Is This A New Bull Market?
Published May 22, 2020, 6 p.m. EST
Several months before every recession in modern U.S. history, the Standard & Poor's 500 index began a bull market.
Yet The Economist, an esteemed financial magazine, in a May 9 cover story said the stock market is disconnected from the economic reality.
But could the financial press sometimes miss the big picture? After all, bull markets always occur in plain sight but go unseen. They are never expected and always sneak up on investors.
Will The Economist's headline one day be ridiculed like the August 1979 cover of Business Week, which infamously proclaimed "The Death Of Equities?"
Stocks, as measured by the Standard & Poor's 500, gained 3.15% from a week ago, and are up 27.65% from March 23rd's bear market low. That's a big spike upward.
The Coronavirus bear market low of the Standard & Poor's 500 index, to date, was 2237.39 on March 23, 2020. Closing Friday at 2,955.45, the S&P 500 is priced for the partial shutdown of the economy to continue through the end of 2020 and a sharp recovery in 2021. Expect spikes and plunges in stock prices in the days ahead.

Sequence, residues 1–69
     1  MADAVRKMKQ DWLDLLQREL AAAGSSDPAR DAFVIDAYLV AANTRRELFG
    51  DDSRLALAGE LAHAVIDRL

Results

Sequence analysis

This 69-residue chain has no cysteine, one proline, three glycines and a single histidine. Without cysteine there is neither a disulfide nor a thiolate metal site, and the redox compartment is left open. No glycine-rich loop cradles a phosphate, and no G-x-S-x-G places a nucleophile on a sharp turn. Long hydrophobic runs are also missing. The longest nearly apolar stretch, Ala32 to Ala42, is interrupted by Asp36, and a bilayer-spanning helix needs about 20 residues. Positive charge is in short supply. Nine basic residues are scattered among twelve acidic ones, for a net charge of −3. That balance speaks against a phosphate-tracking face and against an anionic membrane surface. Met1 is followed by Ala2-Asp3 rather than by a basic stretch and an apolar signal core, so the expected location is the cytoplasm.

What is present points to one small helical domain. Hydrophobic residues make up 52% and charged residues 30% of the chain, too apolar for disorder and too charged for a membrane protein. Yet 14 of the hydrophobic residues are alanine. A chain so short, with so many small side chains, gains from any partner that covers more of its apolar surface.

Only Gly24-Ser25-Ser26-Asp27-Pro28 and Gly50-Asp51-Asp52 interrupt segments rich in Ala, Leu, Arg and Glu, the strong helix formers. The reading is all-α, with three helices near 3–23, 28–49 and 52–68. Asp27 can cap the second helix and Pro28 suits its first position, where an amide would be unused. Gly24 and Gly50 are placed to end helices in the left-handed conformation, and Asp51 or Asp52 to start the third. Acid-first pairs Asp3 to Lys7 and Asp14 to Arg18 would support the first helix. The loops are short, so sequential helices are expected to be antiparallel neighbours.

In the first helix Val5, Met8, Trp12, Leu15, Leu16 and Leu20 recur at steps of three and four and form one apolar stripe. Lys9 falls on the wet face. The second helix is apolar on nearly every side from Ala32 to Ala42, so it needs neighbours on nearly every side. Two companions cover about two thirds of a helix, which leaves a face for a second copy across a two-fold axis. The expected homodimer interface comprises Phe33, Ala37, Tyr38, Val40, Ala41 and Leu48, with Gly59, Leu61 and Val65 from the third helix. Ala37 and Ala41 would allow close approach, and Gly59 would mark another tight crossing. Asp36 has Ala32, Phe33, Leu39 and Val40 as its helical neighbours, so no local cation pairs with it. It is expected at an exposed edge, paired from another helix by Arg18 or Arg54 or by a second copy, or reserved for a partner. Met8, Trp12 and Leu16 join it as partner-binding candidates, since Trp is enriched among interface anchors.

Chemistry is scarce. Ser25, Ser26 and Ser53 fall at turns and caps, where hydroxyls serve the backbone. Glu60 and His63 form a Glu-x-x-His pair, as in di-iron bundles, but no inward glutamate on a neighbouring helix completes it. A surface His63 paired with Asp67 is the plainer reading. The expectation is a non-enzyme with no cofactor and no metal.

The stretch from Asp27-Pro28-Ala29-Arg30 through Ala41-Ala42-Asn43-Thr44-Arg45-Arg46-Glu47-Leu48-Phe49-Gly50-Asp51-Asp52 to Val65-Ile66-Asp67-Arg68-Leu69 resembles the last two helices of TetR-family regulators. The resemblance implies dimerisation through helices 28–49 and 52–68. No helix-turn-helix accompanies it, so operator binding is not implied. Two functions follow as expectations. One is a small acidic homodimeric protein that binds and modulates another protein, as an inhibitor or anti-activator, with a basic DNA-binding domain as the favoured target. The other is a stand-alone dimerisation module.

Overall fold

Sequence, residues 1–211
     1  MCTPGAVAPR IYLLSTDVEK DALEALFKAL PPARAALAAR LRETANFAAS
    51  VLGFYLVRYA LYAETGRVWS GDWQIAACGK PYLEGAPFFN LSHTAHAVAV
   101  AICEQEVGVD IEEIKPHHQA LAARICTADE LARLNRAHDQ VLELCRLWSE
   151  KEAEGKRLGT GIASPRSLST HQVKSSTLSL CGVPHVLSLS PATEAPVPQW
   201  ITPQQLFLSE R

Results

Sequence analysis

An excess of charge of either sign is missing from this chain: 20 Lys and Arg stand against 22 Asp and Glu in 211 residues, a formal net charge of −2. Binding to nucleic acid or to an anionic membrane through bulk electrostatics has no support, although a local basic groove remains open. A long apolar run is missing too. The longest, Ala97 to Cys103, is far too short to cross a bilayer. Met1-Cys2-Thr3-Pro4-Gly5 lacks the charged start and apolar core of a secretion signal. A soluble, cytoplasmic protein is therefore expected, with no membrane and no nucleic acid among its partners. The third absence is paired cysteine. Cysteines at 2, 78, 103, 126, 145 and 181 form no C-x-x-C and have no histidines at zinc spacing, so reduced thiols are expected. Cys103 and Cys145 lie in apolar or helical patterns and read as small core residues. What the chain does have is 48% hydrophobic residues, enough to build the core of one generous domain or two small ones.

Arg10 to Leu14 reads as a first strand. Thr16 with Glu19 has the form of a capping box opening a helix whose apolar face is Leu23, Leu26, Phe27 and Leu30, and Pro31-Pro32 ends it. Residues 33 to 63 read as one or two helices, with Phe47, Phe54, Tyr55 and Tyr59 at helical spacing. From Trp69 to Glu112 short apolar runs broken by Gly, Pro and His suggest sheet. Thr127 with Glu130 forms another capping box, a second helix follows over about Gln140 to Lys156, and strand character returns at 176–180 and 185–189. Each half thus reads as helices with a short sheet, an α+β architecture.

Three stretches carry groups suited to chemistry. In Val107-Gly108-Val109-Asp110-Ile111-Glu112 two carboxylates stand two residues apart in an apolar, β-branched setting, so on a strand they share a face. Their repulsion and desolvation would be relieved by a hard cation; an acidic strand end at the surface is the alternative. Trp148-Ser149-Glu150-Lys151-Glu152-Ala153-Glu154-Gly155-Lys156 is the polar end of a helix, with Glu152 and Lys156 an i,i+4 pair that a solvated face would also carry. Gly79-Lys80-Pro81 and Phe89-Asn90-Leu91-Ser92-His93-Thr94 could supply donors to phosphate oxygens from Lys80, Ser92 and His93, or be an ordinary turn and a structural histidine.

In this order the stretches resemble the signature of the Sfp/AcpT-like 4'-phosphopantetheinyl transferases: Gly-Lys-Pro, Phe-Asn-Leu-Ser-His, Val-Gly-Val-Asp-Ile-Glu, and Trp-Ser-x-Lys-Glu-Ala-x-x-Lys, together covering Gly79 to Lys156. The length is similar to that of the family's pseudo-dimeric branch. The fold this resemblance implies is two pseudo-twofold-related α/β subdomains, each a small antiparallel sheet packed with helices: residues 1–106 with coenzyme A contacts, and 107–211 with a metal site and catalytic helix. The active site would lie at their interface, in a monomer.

The Standard & Poor's 500 (S&P 500) is an unmanaged group of securities considered to be representative of the stock market in general. It is a market-value weighted index with each stock's weight proportionate to its market value. Index returns do not include fees or expenses. Investing involves risk, including the loss of principal, and past performance is no guarantee of future results. The investment return and principal value of an investment will fluctuate so that an investor's shares, when redeemed, may be worth more or less than their original cost. Current performance may be lower or higher than the performance quoted.
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